Photo by Yuriy Akopov, reproduced under creative common license
Islington is the fourth-worst borough in London for a long life – if you’re a man. According to a new analysis of life expectancy data from the 2011 census Islington’s average male life expectancy is 77.83, almost two years below the average of 79.63.
The data is given is divided up by NHS Clinical Commissioning group boundaries, which roughly trace London boroughs but group City and Hackney as one.
Of the 32 jurisdictions only Barking and Dagenham, Newham and Tower Hamlets have lower average lifespans for men.
Women in Islington have a better life expectancy than men – 83.22 years – reflecting the universal trend of women living longer.
Islington is a lowly 11th on the women’s league table however and women in the borough are still living for fewer years than the 83.81 average.
When figures are combined for both genders Islington is 7th at 80.52 years. The average across the capital is 81.71.
The animation below shows maps for these three sets of statistics, just note that the colours represent a third of the range for each data set.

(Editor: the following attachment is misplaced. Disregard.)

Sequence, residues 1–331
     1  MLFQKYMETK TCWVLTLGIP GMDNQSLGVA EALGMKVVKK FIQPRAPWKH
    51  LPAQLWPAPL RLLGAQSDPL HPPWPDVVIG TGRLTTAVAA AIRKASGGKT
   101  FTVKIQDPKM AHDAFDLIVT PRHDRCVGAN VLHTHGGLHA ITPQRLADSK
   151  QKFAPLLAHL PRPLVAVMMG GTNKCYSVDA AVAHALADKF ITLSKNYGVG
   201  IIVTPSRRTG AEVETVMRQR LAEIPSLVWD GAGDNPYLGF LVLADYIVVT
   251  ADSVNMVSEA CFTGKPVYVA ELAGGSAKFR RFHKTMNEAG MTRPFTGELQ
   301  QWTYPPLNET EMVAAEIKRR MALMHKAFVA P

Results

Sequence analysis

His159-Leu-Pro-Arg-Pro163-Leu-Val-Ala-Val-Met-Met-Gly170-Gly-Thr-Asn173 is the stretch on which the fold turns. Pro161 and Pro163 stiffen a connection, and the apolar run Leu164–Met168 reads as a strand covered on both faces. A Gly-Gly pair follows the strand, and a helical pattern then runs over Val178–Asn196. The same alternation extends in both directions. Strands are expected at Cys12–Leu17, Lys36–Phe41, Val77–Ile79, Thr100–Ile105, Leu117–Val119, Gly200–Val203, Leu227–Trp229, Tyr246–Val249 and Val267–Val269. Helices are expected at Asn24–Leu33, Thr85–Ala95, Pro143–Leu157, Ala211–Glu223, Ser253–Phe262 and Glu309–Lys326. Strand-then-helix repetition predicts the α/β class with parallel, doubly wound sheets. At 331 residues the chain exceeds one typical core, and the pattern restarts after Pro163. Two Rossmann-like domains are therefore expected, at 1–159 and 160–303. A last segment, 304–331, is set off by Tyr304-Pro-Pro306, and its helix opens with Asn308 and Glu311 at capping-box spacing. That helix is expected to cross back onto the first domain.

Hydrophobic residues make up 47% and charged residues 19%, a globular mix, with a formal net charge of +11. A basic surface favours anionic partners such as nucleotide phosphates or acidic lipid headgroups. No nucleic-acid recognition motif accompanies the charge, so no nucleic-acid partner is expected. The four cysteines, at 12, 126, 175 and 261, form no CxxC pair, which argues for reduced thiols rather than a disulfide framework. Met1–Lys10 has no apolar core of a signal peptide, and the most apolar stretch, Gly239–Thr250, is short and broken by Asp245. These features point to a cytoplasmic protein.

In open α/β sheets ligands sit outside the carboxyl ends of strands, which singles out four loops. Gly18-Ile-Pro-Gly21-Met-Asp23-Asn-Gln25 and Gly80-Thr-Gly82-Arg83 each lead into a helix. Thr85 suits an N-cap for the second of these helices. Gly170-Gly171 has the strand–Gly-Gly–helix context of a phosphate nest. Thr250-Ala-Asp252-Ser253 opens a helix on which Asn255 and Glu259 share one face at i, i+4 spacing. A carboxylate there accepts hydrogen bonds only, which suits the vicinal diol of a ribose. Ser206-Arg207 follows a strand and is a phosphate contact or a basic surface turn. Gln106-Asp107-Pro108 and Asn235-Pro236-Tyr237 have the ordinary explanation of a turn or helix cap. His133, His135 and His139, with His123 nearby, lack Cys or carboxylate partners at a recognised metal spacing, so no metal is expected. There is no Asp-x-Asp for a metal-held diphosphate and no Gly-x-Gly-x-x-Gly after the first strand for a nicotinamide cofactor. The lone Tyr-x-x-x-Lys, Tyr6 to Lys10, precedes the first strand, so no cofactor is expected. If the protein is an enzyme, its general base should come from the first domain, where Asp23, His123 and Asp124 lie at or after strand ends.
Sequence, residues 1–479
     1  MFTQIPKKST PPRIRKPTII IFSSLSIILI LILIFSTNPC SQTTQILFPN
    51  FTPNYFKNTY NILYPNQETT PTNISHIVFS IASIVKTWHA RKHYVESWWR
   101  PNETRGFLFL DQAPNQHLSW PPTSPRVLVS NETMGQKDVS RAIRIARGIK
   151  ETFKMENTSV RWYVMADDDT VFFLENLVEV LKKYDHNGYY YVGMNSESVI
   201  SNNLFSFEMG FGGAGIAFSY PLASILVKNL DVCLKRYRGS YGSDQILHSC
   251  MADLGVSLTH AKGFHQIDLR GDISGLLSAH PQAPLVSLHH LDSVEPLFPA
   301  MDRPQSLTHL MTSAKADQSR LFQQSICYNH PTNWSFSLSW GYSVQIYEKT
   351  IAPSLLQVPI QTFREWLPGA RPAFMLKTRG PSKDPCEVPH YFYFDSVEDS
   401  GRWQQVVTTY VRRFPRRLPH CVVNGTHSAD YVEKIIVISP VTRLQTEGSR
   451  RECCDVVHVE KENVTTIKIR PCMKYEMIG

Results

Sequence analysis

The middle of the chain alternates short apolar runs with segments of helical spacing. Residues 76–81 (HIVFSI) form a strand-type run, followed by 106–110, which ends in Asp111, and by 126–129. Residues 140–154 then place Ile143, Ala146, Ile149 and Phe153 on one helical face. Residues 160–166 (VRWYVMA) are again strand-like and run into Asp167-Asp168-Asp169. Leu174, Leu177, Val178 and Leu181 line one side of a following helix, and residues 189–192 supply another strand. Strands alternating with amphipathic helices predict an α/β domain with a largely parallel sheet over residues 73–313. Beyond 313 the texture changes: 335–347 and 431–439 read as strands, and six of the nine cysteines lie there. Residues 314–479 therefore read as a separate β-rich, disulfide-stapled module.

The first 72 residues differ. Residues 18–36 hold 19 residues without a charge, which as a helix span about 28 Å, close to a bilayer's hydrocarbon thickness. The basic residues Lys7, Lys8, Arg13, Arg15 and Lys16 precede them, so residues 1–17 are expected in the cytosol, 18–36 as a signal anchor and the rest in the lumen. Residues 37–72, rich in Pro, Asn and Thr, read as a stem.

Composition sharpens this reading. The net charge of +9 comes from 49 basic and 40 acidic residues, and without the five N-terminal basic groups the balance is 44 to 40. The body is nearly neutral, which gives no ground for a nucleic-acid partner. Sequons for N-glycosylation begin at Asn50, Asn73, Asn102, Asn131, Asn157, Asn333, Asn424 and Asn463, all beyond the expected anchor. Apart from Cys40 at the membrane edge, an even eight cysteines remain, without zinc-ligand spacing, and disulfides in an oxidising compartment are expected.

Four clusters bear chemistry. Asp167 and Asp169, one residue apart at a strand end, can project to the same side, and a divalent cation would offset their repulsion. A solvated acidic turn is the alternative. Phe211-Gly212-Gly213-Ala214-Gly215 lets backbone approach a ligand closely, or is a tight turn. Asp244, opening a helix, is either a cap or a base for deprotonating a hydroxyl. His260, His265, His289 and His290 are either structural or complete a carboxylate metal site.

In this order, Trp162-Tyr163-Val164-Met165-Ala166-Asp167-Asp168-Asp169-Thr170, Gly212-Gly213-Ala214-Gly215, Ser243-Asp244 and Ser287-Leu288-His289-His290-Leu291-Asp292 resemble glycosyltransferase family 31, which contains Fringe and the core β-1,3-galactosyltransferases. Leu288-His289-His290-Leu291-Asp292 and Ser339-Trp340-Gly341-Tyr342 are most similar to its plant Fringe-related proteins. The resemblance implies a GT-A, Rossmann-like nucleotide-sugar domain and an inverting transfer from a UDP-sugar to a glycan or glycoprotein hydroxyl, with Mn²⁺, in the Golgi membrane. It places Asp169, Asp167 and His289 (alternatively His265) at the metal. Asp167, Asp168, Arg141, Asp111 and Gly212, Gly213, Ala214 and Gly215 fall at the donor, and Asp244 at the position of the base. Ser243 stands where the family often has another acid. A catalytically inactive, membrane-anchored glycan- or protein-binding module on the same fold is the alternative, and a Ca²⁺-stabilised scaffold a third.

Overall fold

This is because the lowest life expectancy for a woman is higher than the lowest for a man – terrible for any colour-scheme co-ordination.
For the overall average I took a median of both male and female scores, so it will not be 100% accurate.
Red marks the areas with the lowest life expectancy and yellow the highest.
There also appears to be a correlation between the boroughs with lower life expectancies and those with higher scores on the deprivation index, which would be expected.
Tower Hamlets scores lowest both on the deprivation stakes and life expectancy while Islington scores consistently low: 6th most deprived and 7th lowest life expectancy (4th lowest for men, 11th lowest for women).
Click on the different boroughs in the map to reveal their rank /32 for both deprivation and life expectancy – as above the boundaries are those of the NHS CCGs, to which the life expectancy data applies.
The indicators used to quantify deprivation “combine a number of indicators, chosen to cover a range of economic, social and housing issues, into a single deprivation score for each small area in England”.
Such figures highlight the importance of a balanced economic recovery and further support the growing clamour for solutions to Britain’s dearth of affordable housing.